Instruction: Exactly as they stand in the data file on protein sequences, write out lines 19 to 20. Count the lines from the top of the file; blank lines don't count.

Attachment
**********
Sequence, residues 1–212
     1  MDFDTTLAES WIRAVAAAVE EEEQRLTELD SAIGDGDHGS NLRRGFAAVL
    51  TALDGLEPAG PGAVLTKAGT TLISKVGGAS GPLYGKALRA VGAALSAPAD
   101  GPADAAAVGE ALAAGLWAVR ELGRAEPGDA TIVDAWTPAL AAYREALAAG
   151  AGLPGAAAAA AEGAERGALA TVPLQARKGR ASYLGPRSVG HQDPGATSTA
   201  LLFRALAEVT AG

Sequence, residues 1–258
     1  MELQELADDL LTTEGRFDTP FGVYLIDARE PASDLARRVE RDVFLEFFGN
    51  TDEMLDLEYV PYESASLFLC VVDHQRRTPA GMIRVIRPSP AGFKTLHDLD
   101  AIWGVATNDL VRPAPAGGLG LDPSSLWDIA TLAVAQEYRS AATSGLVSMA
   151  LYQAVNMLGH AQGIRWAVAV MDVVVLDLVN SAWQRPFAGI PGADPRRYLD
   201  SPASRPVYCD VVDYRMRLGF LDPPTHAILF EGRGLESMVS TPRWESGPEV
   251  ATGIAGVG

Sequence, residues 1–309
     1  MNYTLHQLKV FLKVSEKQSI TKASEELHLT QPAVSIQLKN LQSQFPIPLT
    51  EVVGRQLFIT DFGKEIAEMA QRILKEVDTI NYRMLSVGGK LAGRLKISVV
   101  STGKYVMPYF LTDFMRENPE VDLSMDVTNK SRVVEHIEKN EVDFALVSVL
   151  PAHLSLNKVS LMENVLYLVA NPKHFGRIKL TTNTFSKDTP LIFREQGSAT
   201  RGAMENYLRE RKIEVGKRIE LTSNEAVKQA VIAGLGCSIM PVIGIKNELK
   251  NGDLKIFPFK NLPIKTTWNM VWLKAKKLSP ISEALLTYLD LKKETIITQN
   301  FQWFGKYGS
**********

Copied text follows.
   201  RGAMENYLRE RKIEVGKRIE LTSNEAVKQA VIAGLGCSIM PVIGIKNELK
   251  NGDLKIFPFK NLPIKTTWNM VWLKAKKLSP ISEALLTYLD LKKETIITQN